Given that NATO has got involved, what are they trying to do? Nobody's ever won a war simply with air power and the Serbs are tough bunch who aren't
going to let a few cruise missiles ruin their day. That leaves the option of either piking out and looking silly or going in on the ground. At the time of writing, not a single allied soldier is known to have been killed. I wonder how many black bags coming home the British and American public can stomach and whether the politicians will take the risk.

How many other NATO governments would send in troops? The French are probably not keen. They see the Russians as potential friends and don't like American power in Europe. The Greeks and Turks would have serious trouble working together. Involving the three new Eastern European members, Poland, the Czech Republic and Hungary, would be too provocative to the Russians. The Germans could go; after all, they've been there before. The Serbs seem to have learnt a few tricks from their last visit. You could send in the Italians, but who the hell wants to be on their side? In other words, it comes down to that last great Mediterranean power, Iceland.

And what will they face when they get there? This won't be a race through the Kuwaiti desert with a 'road to Basra' turkey shoot at the end. During the research for this story, talking to a bloke in the pub, I found out that guerrilla warfare was part of the school curriculum in Yugoslavia. Yugoslavia has a great partisan history, pinning down a decent bit of the German army in World War Two when they were really needed elsewhere. After the Soviets invaded Hungary and Czechoslovakia, Tito decided that his country should be ready and taught all his schoolkids how to fight, make explosives, etc. This should make them more than an even match for people schooled in America who had to pick these things up in their spare time. There is no good ground war option. To go in from the south requires that the troops are resupplied over a mountain range from a country with no infrastructure. Going in from the north risks spreading the war, and the ethnic cleansing, to Vojvodina. Vojvodina was, like Kosovo, an autonomous republic within Yugoslavia and has a large population of ethnic Hungarians along with a multitude of smaller minorities. NATO involvement may well have made things worse in Kosovo. Surely nobody wants the same in another province as well.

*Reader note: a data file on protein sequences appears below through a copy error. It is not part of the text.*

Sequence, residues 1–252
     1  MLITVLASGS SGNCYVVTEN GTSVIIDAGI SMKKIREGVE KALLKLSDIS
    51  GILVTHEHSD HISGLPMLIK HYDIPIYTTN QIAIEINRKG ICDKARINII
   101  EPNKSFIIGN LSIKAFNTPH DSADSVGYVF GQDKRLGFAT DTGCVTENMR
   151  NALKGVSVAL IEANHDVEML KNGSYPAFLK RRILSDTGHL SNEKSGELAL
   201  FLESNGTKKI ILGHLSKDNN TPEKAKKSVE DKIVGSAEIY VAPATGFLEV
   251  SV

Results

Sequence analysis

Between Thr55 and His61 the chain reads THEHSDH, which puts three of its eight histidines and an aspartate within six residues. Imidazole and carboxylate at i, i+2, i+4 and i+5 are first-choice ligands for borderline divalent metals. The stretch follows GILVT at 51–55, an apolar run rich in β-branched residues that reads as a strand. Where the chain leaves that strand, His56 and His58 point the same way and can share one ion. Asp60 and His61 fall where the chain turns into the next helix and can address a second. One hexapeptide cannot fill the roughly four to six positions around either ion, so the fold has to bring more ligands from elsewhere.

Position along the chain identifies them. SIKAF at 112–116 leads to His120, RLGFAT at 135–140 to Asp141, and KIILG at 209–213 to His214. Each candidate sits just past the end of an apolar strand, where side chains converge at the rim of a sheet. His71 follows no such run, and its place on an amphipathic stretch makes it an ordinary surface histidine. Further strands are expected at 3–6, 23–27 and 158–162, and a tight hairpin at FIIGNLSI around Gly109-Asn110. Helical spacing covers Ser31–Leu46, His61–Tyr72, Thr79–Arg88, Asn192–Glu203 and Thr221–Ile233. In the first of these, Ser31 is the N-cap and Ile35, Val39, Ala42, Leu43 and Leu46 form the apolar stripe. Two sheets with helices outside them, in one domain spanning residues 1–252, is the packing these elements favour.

It's quite possible that nothing I've mentioned above will be relevant. By the time this is printed, perhaps before I even finish this sentence, this chapter of the story may come to a close. Perhaps Milosevic will get killed, the Russians might wangle something out of the Americans and abandon the Serbs, or Jesse Jackson could call down a host of angels and the whole thing would be over.

Despite this, it's still worth discussing the right and wrong of what's going on. Why has NATO decided to act here? What about East Timor, Sierra Leone, or, a couple of years ago, Rwanda? I suspect it's that we feel a lot less comfortable when the people suffering live similar lives to us — or used to. They went to work or school, ate at McDonalds, and stayed home in the evening to watch 'Wag the Dog' on TV. And half of them can explain what's happening in English. After seeing the people and hearing the stories, it does give me a certain pleasure to watch the gun camera tapes of smart bombs finding their targets. For those who really like them, you can download the videos from For me, watching a bridge disappear in smoke and flame is a few seconds of cheap entertainment. I can imagine though, that if I was an expatriate Yugoslav living in the US or Britain, I may not find the use of my tax dollars to destroy my home country so amusing. Is it right that someone should be forced to pay for acts they see as murder and vandalism? I think we all know the answer to that.